Rather than follow in the footsteps of other European-based belt manufacturers, Dunlop has categorically refused to compromise on quality. And again, unlike their competitors, they have also flatly refused to import low-grade belts from Asia to re-sell under their own brand name at low prices.
In fact, their primary marketing stance is to actually emphasise this as a key ‘differentiator’ by continually pointing out that they are the only major European manufacturer to exclusively manufacture all of their belts themselves in Europe using their own production facilities.
As a consequence, this is the main reason why they are able to produce belts of such a high quality and which provide the longest (most economical) working life because they have 100% control over every element of the production process and all of the materials that are used in that process.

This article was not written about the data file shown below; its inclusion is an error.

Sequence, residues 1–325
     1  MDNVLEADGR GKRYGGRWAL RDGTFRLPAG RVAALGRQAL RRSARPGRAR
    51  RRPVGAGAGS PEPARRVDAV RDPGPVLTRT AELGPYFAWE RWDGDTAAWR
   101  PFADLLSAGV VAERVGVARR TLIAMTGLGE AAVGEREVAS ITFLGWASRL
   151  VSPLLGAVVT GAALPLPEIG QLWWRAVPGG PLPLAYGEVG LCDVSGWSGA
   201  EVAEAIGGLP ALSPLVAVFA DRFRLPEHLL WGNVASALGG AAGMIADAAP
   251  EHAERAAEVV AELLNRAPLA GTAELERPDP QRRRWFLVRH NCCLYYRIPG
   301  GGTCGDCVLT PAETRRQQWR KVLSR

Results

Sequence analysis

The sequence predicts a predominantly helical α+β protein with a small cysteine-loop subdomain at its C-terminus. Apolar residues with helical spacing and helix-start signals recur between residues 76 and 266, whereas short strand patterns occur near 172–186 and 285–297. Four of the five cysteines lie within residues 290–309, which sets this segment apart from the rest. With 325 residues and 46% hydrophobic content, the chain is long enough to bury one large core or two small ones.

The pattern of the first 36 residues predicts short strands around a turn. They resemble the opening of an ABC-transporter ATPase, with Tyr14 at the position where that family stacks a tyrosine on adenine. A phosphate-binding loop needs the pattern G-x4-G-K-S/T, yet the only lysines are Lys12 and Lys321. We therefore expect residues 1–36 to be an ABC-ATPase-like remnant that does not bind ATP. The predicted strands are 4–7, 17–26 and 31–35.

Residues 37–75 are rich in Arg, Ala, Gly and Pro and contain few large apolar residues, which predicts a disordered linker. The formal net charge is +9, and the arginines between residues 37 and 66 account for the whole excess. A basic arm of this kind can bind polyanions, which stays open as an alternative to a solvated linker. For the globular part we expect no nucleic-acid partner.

Genuine innovators

Another part of their winning formula is the clear understanding within the management of the company that to stand still is to go backwards. Innovation is a word much-used by marketing people all over the world. But how often is there real evidence of true innovation? In the case of Dunlop, innovation really does seem to be just as much a part of their culture as their ‘nothing but the best’ quality ethos. From creating the very first fire-resistant belts through to heavy-duty application belting such as their unique Dunlop UsFlex belt, they seem determined to take on the toughest possible challenges.
One such challenge was how to overcome the age-old dilemma where even the strongest, heaviest conveyor belts can be ripped, torn or punctured by heavy, sharp materials or foreign objects. Although Dunlop engineers had solved the problem of rapid abrasive wear and cutting and gouging of the belt covers long ago, the real challenge was to design a ‘problem solver’ belt that could handle really aggressive treatment while at the same time be priced economically.